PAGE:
Women Talking proves that dialogue can supercharge a film no less successfully than action. The box office blockbusters of our era are short on talk and long on CGI, hardly more than a few lame jokes and the odd sentence required to introduce the next fight or explosion. Canadian director, Sarah Polley, has reversed this ratio, giving us a story in which conversation holds centre stage, with the action supplied by brief flashbacks and cutaways. The film deserves its Best Picture nomination at this year’s Oscars, although it must be long odds to win.
The setting is rural America – an isolated religious community coming to grips with a life-changing crisis. A group of men have been sneaking into women’s bedrooms, doping them with an animal tranquiliser and raping them in their sleep. As the attacks continued, they grew more savage, taking in older women and children. When a victim woke up covered in blood or bruises, she was told it was a demon, or simply that it was only her imagination. But no degree of imagination can take a woman’s virginity or make her pregnant.
We enter when the attackers have already been discovered and shipped off to the authorities in a nearby town. The men from the community have gone to try and bail them out and bring them home. Left alone, the women meet in a hayloft to decide what they are going to do. There are three options: do nothing, stay and fight, or leave. Given the gravity of the situation, it might seem as if leaving were the only possible course, but it’s not easy to escape a hermetic, faith-based community when it’s the only life most of the speakers have known.
The debate is a kind of Socratic dialogue that occasionally grows heated. Participants are divided over three generations, with two older women, Agata (Judith Ivey) and Greta (Sheila McCarthy), leading the way. Agata’s daughter, Ona (Rooney Mara), who is pregnant to her unknown assailant, has much to say, as does Greta’s daughter, Mariche (Jessie Buckley). Where Ona is calm and even a little sardonic, Mariche is angry. Her domestic life is complicated because she is married to a violent drunk who terrorises her and their daughter, Autje (Kate Hallett). The latter acts as the film’s disembodied narrator looking back on the events of her childhood.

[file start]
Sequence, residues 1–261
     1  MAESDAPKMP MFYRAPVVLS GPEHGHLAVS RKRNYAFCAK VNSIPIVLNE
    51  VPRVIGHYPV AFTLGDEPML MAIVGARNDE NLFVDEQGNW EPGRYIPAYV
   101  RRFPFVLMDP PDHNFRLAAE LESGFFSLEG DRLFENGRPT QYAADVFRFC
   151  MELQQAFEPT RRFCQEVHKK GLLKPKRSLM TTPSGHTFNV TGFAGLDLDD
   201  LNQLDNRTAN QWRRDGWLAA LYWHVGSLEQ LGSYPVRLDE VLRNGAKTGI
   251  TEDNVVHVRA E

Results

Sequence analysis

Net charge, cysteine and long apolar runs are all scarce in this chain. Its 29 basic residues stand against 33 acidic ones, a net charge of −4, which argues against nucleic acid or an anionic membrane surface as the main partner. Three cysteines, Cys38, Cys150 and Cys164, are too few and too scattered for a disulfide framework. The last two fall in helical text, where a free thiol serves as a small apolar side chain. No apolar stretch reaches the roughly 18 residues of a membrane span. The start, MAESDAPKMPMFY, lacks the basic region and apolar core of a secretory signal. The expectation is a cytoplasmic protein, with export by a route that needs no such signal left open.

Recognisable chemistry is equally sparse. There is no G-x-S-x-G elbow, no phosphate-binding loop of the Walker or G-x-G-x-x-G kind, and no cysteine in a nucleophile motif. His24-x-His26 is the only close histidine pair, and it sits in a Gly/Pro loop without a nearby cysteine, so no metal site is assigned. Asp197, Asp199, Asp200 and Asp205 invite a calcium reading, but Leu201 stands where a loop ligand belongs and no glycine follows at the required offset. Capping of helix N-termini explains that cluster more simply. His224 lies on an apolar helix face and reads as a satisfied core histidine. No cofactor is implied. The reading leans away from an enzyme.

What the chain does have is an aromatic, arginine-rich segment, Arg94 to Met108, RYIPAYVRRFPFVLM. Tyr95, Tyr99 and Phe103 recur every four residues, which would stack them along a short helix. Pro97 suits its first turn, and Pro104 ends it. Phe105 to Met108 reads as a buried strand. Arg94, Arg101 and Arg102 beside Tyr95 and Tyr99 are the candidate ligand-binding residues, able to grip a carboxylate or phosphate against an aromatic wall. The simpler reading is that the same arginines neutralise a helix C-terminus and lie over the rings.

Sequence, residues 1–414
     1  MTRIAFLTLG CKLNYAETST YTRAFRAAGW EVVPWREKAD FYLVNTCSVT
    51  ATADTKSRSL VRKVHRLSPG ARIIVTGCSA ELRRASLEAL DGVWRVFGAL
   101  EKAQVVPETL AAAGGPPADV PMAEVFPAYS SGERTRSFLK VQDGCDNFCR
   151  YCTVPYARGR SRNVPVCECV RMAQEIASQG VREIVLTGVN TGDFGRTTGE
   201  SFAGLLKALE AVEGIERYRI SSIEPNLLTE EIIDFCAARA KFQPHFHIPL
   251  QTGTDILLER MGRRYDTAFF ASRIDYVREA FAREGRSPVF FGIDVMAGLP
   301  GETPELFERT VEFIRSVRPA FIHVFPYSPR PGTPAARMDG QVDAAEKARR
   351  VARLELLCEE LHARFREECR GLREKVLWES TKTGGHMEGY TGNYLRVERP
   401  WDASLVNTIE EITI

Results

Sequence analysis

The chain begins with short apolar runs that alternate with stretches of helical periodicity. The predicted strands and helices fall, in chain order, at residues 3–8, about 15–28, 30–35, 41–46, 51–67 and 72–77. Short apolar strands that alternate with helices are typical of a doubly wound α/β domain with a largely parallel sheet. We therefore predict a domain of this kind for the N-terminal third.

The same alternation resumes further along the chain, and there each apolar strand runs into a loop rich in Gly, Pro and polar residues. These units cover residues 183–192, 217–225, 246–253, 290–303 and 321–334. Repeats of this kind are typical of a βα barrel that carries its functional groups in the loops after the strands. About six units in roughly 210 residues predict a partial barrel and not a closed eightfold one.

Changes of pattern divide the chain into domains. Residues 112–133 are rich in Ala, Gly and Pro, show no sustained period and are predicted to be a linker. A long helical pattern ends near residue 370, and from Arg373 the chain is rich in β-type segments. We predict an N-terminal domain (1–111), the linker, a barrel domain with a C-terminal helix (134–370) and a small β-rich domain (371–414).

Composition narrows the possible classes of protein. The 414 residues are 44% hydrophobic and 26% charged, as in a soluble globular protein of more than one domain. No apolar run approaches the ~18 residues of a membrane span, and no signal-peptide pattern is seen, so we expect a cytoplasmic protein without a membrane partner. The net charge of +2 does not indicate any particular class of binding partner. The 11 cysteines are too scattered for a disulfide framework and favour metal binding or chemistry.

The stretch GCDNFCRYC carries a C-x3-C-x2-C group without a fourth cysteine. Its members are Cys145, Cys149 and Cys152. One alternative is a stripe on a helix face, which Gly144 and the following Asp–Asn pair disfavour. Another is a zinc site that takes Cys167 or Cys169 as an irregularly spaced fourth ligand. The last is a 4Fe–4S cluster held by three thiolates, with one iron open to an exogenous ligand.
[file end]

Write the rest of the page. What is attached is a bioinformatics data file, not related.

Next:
The minutes of the meeting are being kept by August (Ben Whishaw), perhaps the only sympathetic male in the town. August was forced to leave the community because his late mother asked too many questions, but he returned with a college degree and is now a teacher for the boys. The women receive only the most rudimentary education and are mostly illiterate. It’s no secret that August is in love with Ona, so he has a personal stake in whether the women decide to stay or go.
There is a core of sharply defined supporting characters, including Ona’s sister, Salome (Claire Foy), who is filled with murderous rage, after discovering that her small daughter has been infected with a sexually transmitted disease. There’s Mariche’s younger sister, Mejal (Michelle Macleod), and Melvin (August Winter) – a young woman, formerly known as Nettie, who has taken on the persona of a man following the assaults, and now refuses to speak a single word. Frances McDormand’s character, Scarface Janz, bails out of the discussion early, being committed to staying put, regardless of the men’s outrages.